We are currently gearing up for the summer, which starts very early because the new Avengers movie is May 1st. It used to be that summer started Memorial Day but it just keeps moving up and up. As far as special events in the summer, we are looking to tie into Kalamazoo Pride in June, but that’s still in the formative stages. We have had such ridiculous success with the Harry Potter series and the James Bond series that next we are doing the Lord of the Rings films and there will probably be a marathon as well.
In April we are participating in Dining Out For Life, which we also did last year. This year we are doing a dinner party on Sunday April 26th at 4:00pm. The movie is “It’s a Mad Mad Mad Mad World,” which is a slapstick comedy spectacular from 1963, which is so much fun to watch on the big screen. It has almost anybody who was anybody that was in comedy at that time, so you have Buddy Hackett, Spencer Tracy, the Three Stooges, all sorts of stuff. I actually have people that are flying in from out of state for it — they just said that they love the movie and love the food. We are going to donate proceeds from that event for Dining Out for Life. Last year we did movies on the same day as Dining Out for Life and there were people that wanted to come see our shows, but they were working somewhere that was also doing Dining Out for Life or they were attending another event, so we we decided to do ours a different day.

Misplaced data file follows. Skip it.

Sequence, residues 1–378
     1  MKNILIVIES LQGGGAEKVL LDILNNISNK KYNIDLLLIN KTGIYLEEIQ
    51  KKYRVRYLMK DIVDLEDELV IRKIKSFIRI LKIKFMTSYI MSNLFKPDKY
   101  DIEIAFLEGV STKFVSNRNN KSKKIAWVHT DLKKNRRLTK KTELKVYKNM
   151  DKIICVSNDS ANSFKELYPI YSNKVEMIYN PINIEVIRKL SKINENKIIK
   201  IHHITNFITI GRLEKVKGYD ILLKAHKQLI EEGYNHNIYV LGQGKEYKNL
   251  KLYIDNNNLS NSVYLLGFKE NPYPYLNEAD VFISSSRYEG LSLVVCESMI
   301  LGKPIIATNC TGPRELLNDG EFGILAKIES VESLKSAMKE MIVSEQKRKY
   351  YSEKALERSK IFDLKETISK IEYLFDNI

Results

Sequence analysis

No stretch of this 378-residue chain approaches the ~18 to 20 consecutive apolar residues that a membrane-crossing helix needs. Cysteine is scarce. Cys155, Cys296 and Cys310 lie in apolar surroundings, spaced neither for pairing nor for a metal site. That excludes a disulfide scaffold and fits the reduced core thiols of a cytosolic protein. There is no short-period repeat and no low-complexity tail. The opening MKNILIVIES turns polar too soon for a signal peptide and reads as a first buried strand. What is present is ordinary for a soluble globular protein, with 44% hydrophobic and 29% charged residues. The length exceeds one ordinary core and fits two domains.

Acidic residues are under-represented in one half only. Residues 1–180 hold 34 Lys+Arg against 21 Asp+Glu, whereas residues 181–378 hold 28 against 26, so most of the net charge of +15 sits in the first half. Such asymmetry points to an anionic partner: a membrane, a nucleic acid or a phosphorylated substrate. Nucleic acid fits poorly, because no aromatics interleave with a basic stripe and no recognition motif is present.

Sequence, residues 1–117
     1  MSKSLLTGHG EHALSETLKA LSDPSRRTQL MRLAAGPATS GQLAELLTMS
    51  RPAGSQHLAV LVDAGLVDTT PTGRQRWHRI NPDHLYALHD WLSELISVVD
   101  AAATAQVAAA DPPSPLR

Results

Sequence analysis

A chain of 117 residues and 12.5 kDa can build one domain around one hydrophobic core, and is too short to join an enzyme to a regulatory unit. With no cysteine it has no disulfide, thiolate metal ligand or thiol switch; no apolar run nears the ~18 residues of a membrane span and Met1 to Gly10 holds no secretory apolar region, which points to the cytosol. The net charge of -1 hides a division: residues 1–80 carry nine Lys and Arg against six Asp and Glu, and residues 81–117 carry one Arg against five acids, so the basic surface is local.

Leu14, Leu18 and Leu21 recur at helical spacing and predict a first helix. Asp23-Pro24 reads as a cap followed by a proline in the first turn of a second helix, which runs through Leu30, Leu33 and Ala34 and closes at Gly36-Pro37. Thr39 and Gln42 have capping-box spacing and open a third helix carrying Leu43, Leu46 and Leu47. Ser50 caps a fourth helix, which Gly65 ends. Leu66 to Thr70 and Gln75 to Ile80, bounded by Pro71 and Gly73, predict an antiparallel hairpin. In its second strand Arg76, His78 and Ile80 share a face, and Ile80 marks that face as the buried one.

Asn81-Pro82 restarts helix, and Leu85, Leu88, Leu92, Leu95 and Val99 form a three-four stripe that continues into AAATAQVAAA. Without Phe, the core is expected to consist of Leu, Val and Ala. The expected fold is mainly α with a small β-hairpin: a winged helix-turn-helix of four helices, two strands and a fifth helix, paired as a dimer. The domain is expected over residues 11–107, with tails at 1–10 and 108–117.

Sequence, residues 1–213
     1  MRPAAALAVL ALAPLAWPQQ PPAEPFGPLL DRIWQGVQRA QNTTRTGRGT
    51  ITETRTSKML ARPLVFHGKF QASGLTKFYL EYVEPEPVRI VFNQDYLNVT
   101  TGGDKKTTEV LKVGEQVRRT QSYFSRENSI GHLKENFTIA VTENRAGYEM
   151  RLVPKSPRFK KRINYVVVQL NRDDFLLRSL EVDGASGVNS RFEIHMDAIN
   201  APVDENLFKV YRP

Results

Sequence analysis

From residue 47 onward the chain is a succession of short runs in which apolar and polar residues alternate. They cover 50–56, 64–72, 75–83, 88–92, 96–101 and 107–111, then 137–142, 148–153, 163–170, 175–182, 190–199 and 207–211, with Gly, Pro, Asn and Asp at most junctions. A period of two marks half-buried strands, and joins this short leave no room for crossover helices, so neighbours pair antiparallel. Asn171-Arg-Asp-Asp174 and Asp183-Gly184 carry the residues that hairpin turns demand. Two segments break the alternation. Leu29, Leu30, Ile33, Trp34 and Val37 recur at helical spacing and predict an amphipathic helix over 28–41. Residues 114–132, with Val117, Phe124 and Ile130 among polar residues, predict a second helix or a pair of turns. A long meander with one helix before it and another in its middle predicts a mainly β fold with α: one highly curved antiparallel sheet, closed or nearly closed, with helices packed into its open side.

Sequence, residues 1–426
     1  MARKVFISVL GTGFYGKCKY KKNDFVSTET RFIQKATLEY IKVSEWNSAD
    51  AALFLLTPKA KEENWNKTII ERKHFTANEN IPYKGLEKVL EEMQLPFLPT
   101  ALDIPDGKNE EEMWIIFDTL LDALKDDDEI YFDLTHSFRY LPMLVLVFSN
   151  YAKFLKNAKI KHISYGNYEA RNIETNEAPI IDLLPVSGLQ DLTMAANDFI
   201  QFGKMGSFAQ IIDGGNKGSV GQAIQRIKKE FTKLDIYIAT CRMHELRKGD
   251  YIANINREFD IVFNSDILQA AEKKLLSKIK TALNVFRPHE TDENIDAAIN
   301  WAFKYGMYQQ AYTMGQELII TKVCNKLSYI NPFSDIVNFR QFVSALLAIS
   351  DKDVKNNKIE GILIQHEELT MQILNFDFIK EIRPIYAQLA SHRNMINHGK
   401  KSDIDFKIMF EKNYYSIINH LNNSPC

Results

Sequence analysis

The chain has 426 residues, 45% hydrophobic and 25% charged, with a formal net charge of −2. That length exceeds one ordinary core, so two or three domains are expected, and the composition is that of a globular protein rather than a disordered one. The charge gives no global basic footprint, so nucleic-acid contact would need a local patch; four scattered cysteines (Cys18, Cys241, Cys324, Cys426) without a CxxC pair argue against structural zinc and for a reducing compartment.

Also, the Eternally 80s series continues through the end of April and we are showing a wide assortment of 80s stuff. We have Working Girl with Melanie Griffith, Better Off Dead, Flashdance is coming — get your torn sweatshirt out. We are doing a Dance-a-Long for Footloose, you really can dance if you want to; there’s lots of room in the front.
What movie are you most looking forward to seeing in 2015?